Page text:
I feel really pumped up and secure in my decision to join PLC. It feels just so, so right. The only twinge I’ve felt is—get this—losing you guys, my wonderful personal learning network on Twitter and the blogs. Since I won’t be a math teacher per se anymore, will I still belong? Will my thoughts and experiences still be relevant to the discourse in this community?
I’m not really all that worried, because I’d miss y’all too much, and I know that I’m involved in projects and conversations that won’t be affected by my relocation. But what this has made me realize and appreciate is how big a part of my professional and personal identity is wrapped up in the goings-on of the mathtwitterblogosphere—with you wonderful people who I get to have as colleagues, co-conspirators, and friends. Thank you so much for that.
So here’s to old adventures and new adventures! And just adventures! Yay!
“Will my thoughts and experiences still be relevant to the discourse in this community?” Justin, I think your new ‘un-bound’ experiences will make your considerable contributions to the community even more insightful and valuable to the MTBoS. Sometimes stepping outside the boundaries can help you better see that which was [sometimes artificially] restraining you. I am looking forward to reading your posts as you begin the next part of your journey as an educator. Seriously, how could you think you wouldn’t belong??
They are lucky folk in Princeton to have you.
Thanks for the kinds words, Wendy. I guess I already sometimes felt out on a limb online while teaching at Saint Ann’s. Teaching without grades and with a great deal of curricular latitude is wonderful, but it’s not the norm. I sometimes bump up against the challenge of representing what I do and what I believe in without operating with a disconnect from teachers working under more constraints. I guess I’m just aware that this may be even more of a challenge now that I’m working at PLC.
At the same time, I’m pretty happy with how I’ve lived online thus far, so I figure I can keep it up—especially given what I know about my online peers. And I’m really excited about the ways I’ll be pushing boundaries—my own and society’s—through my work at PLC. So it’s all to the good. :)
Congratulations, Justin! Sounds like a great opportunity, and I certainly hope we continue to hear from you.
Thanks, Jim. You will! And all the best as you start the new year.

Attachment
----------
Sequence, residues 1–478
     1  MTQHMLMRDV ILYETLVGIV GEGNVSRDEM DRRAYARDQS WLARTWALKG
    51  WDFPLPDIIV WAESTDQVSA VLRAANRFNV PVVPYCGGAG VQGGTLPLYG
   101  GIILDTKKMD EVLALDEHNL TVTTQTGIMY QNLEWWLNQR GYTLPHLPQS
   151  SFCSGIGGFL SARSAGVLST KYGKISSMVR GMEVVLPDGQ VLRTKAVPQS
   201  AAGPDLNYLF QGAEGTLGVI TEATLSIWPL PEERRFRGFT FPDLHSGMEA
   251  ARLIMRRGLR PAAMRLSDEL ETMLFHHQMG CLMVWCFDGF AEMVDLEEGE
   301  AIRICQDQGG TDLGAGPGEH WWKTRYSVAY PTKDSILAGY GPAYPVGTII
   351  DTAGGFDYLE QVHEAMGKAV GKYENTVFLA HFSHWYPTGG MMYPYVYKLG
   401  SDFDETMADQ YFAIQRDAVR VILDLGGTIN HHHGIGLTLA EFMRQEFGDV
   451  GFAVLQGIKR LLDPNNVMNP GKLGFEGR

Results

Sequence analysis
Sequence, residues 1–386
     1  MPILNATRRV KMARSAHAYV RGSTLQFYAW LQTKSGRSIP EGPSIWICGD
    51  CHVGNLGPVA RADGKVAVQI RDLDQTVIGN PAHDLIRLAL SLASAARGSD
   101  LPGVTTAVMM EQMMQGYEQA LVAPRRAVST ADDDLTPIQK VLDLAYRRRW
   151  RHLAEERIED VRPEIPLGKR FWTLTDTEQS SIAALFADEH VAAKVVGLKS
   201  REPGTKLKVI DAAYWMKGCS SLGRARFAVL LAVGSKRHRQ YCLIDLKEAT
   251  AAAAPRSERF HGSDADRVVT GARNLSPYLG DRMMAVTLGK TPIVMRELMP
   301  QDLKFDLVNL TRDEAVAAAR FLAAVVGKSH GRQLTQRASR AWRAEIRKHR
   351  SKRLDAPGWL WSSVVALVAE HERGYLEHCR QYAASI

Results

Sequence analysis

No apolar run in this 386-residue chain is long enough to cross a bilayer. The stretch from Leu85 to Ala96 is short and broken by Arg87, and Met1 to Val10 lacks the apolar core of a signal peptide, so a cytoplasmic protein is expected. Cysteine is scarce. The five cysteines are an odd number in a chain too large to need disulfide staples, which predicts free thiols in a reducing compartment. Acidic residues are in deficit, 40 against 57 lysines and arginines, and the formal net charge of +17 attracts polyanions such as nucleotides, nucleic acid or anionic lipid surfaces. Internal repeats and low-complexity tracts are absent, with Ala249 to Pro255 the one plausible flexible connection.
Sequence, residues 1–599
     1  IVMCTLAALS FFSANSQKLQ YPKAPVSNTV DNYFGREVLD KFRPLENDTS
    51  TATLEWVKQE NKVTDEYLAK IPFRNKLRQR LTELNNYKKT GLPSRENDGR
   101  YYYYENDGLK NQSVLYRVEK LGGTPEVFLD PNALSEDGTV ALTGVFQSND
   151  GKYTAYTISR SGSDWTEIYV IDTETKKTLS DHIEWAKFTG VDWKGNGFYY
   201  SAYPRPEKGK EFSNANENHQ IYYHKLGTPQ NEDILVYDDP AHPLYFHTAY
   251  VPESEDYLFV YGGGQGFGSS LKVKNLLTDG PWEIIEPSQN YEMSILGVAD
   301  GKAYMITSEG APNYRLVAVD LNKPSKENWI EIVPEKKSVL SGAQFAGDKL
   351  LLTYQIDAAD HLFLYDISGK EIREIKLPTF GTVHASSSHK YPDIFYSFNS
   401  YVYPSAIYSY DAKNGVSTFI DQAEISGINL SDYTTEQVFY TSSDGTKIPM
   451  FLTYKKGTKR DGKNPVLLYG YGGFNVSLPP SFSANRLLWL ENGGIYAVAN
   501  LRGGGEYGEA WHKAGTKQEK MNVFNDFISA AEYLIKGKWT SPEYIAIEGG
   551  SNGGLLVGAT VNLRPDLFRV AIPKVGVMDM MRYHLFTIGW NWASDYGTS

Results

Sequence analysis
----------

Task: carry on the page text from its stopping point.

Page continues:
“It feels just so, so right.” This gave me a big smile. You have a teacher’s heart, Justin. Always. Best wishes to you at PLC.
Thanks, Fawn. If I had to pick the internal organ of a teacher to have, it’d be the heart. :) Looking forward to reading and writing alongside you as the new year begins.
Your fear? That was mine, too, when I shifted to teaching Computing and Design/Technology. But really, the fear is unfounded because the mathtwitterblogosphere community is so friendly, even to me who’s on the other side of the world and doesn’t teach maths anymore (not formally, maths has a way of sneaking into my classrooms…because let’s face it, maths is everywhere).
and yes, I’d be keen to follow your adventures…you know this already. I’m thinking of incorporating video games in my grade 9 and/or 10 course so maybe we can share notes (read: can you please help me?).
Poetry! I din’t know about that. Imagine teaching Maths and Poetry. Oh my! #loveit
I wish you all the very best!
It’s good to be reminded that I’ve had a successful forerunner, Malyn!
Let’s do share notes on video games. And for Maths and Poetry, there’s a book by Scott Buchanan—one of the founders of the New Program at St. John’s—called Poetry and Mathematics. I find Buchanan to be such a fascinating, dynamic, and thoroughgoing thinker.
And thanks for the well wishes!
I’m just gonna echo everybody who’s like “what the hell are you talking about, will you still belong?” ;) You know I had already left the full-time classroom before I even started blogging 4 years ago, and I’ve never felt anything but included. I know you and you are an educator to the core. Your contribution will continue to be highly valued here and everybody knows it. (I think even you!)
P.s. but on behalf of NYC we already miss you!
Thanks both for the kind words and for the reminder that there’s no right way, time, or chosen work to read, write, and discuss the learning and teaching of mathematics. And that I have fantastic forbears. :)